Jerry Yang is leaving Yahoo!, sending shares higher, but I blame Chairman Roy Bostock and other directors like Ron Burkle, Eric Hippeau, and Gary Wilson for the current sad state of affairs at the company rather than Yang. After all, this is largely still Terry Semel’s hand-picked board. These directors all decided last year that Jerry Yang was the most qualified candidate for the job. They also have considerably more deal-making experience than he does, so you can only hope that they were directly involved in the Microsoft talks—whispering in Jerry’s ear, “’not a penny under $40,’ just keep saying that to Ballmer; that’s how you play this game...”
These wise men (and one woman) will now pick the next CEO. Kara Swisher and Henry Blodget have already floated the names of some potential successors. Here’s my view of the top candidates to take over the Yahoo! CEO role:
1. Steve Ballmer. The best outcome for Yahoo! shareholders of course would be if the new search committee never selected a CEO. This company should use this change in leadership to go back and open discussions with Microsoft about selling the company. This made sense when Microsoft made its initial offer last January at $31 and it makes sense (triply so) now.
2. Peter Chernin. An ideal candidate who likely wants to spread his wings without Rupert looking over his shoulder any longer. Although News Corp.’s stock price has dropped precipitously over the last three months, it’s still a safer bet than Yahoo! Chernin probably would have considered moving last year, but not now.
3. Jonathan Miller. Great relevant experience and well-liked by his staff and peers despite being unceremoniously dumped out of his former role heading up AOL. Miller recently set up a new venture fund called Velocity Interactive Group with Ross Levinsohn (ex-head of Fox Interactive Group). Icahn tried to draft him many times over the summer to take the top spot. Miller declined, as he didn’t want to turn his back on his new venture and his investors. He is also not likely to take the job, if asked.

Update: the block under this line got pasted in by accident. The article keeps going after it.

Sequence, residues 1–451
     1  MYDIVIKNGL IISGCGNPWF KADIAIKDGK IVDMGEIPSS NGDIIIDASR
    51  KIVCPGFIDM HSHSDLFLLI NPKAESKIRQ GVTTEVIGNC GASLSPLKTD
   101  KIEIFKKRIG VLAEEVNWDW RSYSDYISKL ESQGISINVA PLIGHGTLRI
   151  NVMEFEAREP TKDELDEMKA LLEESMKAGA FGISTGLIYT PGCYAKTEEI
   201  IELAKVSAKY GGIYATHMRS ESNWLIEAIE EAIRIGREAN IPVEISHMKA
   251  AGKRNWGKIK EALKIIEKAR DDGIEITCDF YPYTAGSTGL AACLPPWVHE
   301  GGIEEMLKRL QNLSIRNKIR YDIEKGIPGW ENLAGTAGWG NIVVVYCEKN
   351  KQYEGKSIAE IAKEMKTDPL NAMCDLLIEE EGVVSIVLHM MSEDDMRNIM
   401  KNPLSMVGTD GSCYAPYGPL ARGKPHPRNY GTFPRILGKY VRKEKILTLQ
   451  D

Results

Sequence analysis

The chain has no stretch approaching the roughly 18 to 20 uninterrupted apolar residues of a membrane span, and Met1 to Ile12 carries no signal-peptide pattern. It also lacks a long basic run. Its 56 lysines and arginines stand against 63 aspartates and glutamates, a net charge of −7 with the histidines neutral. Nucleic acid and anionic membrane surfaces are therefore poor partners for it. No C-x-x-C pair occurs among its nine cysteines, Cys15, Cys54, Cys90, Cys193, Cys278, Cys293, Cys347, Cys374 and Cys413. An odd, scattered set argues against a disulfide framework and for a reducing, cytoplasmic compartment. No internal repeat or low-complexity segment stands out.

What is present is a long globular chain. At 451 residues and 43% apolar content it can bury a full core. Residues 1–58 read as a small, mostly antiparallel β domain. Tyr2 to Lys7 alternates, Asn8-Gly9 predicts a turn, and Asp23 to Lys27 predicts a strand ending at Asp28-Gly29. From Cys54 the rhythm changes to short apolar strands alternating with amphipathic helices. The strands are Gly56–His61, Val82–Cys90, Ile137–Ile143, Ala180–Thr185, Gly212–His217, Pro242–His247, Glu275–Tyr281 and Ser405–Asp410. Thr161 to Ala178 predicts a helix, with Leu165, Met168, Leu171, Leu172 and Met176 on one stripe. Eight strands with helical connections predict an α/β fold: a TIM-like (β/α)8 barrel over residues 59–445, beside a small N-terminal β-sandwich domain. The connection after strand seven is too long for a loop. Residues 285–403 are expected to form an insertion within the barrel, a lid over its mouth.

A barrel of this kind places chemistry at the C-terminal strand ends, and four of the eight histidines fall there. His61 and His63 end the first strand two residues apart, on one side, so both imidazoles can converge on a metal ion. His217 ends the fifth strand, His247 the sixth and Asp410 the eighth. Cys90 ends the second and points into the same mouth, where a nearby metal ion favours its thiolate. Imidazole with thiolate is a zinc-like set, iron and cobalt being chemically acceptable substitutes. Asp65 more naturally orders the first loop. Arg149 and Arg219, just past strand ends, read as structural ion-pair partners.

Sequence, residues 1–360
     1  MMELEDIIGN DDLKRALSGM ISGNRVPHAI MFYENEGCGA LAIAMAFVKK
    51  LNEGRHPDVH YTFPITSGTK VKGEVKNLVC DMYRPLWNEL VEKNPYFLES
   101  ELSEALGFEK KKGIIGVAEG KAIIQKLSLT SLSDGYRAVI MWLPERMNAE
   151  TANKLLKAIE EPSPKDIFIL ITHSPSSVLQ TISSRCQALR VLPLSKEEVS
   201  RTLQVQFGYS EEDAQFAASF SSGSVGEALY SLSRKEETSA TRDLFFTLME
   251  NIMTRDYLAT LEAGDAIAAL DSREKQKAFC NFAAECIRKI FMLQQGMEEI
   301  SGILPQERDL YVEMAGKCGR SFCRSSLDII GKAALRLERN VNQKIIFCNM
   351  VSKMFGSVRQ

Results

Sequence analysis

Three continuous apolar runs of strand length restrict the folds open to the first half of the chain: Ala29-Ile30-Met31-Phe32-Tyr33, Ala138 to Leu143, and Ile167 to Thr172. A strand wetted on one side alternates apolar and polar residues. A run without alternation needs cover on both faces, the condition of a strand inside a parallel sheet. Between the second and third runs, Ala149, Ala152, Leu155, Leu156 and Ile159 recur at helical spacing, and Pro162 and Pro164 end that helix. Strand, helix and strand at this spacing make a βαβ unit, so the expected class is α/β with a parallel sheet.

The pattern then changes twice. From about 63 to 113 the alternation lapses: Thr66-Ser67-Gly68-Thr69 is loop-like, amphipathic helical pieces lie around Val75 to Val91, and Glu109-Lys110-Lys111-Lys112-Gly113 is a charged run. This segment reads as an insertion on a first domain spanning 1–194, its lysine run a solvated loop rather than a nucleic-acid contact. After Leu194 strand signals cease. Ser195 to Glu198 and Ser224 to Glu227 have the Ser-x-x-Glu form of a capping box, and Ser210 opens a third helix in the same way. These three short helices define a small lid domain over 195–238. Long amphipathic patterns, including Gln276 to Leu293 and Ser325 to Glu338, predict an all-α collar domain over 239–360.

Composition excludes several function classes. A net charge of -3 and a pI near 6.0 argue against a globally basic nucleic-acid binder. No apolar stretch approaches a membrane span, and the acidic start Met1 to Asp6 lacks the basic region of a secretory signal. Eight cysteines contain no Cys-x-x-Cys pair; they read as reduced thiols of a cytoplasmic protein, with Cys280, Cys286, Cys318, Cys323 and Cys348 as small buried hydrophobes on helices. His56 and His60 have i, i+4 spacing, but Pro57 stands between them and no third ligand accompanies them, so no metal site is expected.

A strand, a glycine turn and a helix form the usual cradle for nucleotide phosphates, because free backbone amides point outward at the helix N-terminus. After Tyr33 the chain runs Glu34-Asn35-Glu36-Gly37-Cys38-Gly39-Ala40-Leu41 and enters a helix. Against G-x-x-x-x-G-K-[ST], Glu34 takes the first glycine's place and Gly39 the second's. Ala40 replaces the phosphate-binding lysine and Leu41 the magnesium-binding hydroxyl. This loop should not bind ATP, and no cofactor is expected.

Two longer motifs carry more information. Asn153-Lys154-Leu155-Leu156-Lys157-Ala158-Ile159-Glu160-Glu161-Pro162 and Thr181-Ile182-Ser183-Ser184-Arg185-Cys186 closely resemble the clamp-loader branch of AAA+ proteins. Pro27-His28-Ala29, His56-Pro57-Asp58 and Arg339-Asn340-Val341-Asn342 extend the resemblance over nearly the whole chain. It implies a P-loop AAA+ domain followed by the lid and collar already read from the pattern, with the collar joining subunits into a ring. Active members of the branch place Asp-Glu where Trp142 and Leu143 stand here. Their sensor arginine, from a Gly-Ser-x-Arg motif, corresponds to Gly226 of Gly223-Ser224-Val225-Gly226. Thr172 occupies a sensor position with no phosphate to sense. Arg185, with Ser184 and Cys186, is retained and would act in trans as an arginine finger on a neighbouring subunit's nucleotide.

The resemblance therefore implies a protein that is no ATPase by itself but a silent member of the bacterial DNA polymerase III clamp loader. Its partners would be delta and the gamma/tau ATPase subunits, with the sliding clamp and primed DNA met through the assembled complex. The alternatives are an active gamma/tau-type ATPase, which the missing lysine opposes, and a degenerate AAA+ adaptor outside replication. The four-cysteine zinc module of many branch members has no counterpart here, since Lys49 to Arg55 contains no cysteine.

4. Ross Levinsohn. See the Miller description above. Levinsohn would be a solid choice but unlikely to leave his current gig.
5. Tim Armstrong. The revenue head at Google has relevant experience and is likely ready to take a CEO role. Even though Google has struggled in this recession like everyone else, it still has much more upside than Yahoo! It would be tough for Armstrong to turn his back on that safety.
I favor an outsider taking the reins at Yahoo!—preferably someone who has enough experience and reputational capital that he or she can insist on reshaping the board, as well as the rest of the company. Yahoo!’s board is still very much the board Terry Semel hand-picked and is in desperate need of a refresh.
An insider CEO, or someone coming from the current board, would most certainly keep the company on its current trajectory, which is the slow boat to China. For that reason, Yahoo! President Sue Decker or board member Maggie Wilderotter would be poor choices. Meg Whitman defines “big company Internet CEO” but her last few years, marked by questionable acquisitions, and eBay’s subsequent performance have diminished her luster as a candidate.
This board will be under intense scrutiny from the media but also its largest shareholders. I hope that people like Gordy Crawford of Capital Research and Mark Casey of Capital World will be heavily involved in the deliberation discussions to keep the current board members in check.
The Yahoo! board likely wants to make the “safe” choice of a big company/Internet experience/former CEO/outsider. Peter Chernin fits the bill. Miller, Levinsohn, Armstrong, and Whitman would all be good choices. However, I expect none of them to be interested.
So, the last man standing to take the Yahoo! CEO job will be a woman: Sue Decker. She has too much baggage to be an acceptable selection for a majority of Yahoo! shareholders, but such concerns haven’t stopped this board before.
[Disclosure: Jackson’s fund owns no MSFT, GOOG, or YHOO, although it has a short position in NWS. Jackson still personally holds a small long position in YHOO.]
Eric Jackson is founder and president of Ironfire Capital, LLC, and the general partner and investment manager of Ironfire Capital US Fund LP and Ironfire Capital International Fund, Ltd. A dissident shareholder at Yahoo, he sold his fund's shares in September.